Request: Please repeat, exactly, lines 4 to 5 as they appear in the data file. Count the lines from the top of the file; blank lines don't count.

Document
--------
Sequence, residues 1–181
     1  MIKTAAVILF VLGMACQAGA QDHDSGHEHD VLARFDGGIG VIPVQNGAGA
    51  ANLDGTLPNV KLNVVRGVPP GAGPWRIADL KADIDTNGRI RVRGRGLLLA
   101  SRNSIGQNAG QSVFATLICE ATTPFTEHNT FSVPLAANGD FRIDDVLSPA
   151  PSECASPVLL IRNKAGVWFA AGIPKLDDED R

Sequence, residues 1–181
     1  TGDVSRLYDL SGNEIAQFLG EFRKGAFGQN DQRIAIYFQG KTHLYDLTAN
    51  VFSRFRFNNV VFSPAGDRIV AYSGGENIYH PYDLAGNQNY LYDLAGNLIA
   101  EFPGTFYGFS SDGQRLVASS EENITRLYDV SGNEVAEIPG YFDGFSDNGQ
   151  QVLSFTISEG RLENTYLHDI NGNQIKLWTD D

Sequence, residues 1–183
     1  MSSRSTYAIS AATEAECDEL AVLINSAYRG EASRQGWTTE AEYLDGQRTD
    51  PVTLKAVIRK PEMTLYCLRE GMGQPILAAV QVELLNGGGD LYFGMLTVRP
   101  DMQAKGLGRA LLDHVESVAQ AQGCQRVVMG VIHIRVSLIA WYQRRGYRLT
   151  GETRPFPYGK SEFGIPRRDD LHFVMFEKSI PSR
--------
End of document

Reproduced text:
   101  SRNSIGQNAG QSVFATLICE ATTPFTEHNT FSVPLAANGD FRIDDVLSPA
   151  PSECASPVLL IRNKAGVWFA AGIPKLDDED R